I’ve been away from DLTJ Thursday Threads for a while, but that doesn’t mean the fun hasn’t stopped. This week there are stories about the beginning and the end of the Research Works Act (again, one might add), Amazon’s continuing shifts in the ebook marketplace, and an announcement of beta access to OCLC’s Website for Small Libraries service.
New legislation was introduced in the U.S. Senate last week to support the publication of federally-sponsored research results under open access terms.
Sponsored by Senator Lieberman of Connecticut and co-sponsored by Senator Cornyn of Texas, it mandates open access to author pre-print versions with peer review changes in federally-run repositories within six months of publication. Called S.1373, it is a nearly identical version to the bill of the same name that these two senators introduced in 2006, which ultimately died in committee. The 2006 version was including the American Library Association, as tracked by the Alliance for Taxpayer Access (ATA).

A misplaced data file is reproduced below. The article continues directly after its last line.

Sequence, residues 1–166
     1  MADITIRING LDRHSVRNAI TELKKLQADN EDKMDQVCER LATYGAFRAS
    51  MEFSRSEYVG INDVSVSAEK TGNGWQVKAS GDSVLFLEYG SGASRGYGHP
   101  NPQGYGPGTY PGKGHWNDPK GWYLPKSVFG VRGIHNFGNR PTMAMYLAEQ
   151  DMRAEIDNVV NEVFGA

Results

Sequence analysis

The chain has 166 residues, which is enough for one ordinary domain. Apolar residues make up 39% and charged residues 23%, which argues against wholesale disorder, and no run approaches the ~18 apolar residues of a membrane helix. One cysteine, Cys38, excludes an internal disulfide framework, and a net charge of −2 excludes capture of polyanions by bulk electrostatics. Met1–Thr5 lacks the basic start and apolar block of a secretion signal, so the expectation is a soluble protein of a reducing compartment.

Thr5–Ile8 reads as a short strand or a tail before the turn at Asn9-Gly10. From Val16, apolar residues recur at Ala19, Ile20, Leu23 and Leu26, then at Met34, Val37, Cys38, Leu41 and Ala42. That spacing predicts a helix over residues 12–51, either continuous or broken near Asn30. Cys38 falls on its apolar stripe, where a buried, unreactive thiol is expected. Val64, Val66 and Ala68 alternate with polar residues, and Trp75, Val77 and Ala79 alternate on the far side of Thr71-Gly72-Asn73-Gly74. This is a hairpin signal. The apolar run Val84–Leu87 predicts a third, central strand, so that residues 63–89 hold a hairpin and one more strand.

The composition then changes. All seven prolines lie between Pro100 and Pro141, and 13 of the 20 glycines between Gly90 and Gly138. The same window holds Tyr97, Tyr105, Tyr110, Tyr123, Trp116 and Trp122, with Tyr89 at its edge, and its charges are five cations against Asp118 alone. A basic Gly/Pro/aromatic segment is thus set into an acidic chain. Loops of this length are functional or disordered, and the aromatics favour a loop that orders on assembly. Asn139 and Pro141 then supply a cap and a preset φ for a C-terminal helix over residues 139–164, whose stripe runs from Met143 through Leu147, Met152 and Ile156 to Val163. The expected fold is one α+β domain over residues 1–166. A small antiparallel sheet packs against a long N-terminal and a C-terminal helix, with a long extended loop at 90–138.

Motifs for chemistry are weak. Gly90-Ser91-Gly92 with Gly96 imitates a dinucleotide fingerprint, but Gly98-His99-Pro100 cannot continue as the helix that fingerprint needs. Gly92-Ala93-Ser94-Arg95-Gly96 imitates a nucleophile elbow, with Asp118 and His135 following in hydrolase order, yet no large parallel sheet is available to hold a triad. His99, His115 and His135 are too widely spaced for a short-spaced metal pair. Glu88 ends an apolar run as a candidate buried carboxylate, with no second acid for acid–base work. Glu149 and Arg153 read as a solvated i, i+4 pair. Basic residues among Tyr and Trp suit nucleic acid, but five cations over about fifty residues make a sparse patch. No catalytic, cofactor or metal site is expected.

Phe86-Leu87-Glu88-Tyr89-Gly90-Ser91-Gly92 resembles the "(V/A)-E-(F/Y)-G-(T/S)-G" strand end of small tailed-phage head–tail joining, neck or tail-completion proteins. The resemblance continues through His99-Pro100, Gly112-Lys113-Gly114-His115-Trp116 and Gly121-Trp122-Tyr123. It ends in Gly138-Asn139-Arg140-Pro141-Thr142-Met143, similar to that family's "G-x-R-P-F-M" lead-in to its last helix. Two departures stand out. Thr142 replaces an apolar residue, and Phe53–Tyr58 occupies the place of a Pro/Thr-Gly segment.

The Alliance for Taxpayer Access called out the introduction of proposed legislation that would prohibit the federal government from requiring publication of federally-funded research under open access terms. This would not only reverse the NIH Public Access Policy but would also stop other federal agencies from following a similar course. This is, in my humble opinion, bad. I continue to think that open access to federally-funded research is an appropriate expectation based on the use of taxpayer money — both individual and corporate money — to fund such research. To the extent that the proposed legislation would prevent this from happening, I oppose it.